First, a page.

Broad Gains in Durables Orders Point to Stronger U.S. Growth

Electronic Product
A worker tests electronic control boards before installation in blenders at the K-Tec Inc. Blendtec factory in Orem, Utah. Photographer: George Frey/Bloomberg

The U.S. economy just got dealt a royal flush.

All seven major components of durable goods orders rose in March for the first time since April 2013, helping boost total bookings by a greater-than-forecast 2.6 percent, Commerce Department figures showed today. It marked only the fifth instance since 2000 that all major categories increased in any one month.

Orders for computers and electronic products led the advance last month, rising 5.7 percent in the biggest gain since November 2010 as bookings for communications equipment increased. Transportation equipment orders also rose in March, boosted by an 8.6 percent surge in bookings for commercial aircraft.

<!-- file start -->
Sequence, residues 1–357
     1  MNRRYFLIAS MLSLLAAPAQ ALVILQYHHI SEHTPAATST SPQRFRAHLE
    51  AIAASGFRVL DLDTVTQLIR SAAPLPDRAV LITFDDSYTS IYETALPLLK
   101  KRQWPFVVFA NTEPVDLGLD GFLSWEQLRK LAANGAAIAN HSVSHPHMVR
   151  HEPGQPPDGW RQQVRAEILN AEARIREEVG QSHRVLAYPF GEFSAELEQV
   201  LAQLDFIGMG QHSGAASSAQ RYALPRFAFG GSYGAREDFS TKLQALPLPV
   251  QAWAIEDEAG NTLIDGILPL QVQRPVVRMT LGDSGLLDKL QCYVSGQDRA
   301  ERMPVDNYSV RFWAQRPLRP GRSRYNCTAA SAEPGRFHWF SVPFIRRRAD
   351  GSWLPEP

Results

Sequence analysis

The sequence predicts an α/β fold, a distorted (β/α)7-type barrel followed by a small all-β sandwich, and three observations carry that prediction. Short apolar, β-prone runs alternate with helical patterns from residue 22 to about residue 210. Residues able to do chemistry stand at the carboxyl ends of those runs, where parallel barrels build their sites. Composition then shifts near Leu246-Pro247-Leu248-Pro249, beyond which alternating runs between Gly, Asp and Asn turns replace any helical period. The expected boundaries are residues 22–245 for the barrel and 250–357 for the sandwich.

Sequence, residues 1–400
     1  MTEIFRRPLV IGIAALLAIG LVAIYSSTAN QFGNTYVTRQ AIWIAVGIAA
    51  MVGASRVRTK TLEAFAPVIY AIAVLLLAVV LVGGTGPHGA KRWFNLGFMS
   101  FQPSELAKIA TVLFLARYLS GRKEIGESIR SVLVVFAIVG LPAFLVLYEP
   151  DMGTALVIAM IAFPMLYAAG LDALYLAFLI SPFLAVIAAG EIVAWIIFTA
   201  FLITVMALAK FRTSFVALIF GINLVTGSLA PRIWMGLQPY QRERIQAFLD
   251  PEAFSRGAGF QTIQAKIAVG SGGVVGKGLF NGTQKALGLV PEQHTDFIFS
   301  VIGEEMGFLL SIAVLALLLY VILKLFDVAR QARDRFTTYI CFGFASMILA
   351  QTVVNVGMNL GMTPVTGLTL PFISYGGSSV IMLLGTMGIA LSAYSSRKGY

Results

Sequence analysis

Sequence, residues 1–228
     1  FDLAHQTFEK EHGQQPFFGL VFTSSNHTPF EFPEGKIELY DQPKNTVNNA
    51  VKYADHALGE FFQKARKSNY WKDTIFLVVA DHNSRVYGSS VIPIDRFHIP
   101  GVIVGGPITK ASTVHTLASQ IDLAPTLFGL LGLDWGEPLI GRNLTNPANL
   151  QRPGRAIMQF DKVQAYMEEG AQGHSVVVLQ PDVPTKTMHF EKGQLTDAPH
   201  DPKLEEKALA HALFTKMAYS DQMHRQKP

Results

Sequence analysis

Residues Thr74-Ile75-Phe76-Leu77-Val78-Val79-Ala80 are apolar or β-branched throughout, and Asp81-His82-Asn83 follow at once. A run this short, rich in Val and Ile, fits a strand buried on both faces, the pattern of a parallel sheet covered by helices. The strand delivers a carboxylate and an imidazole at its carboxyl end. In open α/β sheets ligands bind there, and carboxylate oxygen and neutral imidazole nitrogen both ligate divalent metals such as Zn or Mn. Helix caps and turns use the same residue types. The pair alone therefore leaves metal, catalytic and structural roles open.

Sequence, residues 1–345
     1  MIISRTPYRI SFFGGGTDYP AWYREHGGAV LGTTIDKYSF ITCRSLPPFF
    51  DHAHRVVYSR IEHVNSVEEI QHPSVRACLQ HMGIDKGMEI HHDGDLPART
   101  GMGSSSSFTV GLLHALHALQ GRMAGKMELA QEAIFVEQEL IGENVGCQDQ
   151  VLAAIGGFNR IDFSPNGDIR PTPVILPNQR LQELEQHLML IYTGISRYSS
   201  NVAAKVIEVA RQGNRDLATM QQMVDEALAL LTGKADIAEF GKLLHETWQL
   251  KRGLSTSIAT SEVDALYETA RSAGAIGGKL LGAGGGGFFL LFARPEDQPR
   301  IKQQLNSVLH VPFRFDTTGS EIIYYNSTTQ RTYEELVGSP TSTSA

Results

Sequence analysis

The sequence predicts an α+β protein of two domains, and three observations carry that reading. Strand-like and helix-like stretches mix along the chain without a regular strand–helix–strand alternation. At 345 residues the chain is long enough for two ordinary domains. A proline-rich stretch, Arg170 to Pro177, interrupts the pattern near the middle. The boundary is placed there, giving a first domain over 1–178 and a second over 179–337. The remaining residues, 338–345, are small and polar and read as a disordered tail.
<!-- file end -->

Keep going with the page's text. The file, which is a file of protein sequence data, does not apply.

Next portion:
While the figures won’t help a first quarter plagued by harsh weather and weak demand, they reinforce the prospect that growth will accelerate in the months to come, said Jay Morelock, an economist at FTN Financial in New York.

“How broad-based the gains were is really important -- it’s fairly rare in the current economy,” Morelock said. “With orders providing that momentum going into the second quarter, the hope is that shipments will follow and business investment will contribute a little bit more to growth than it has been.”

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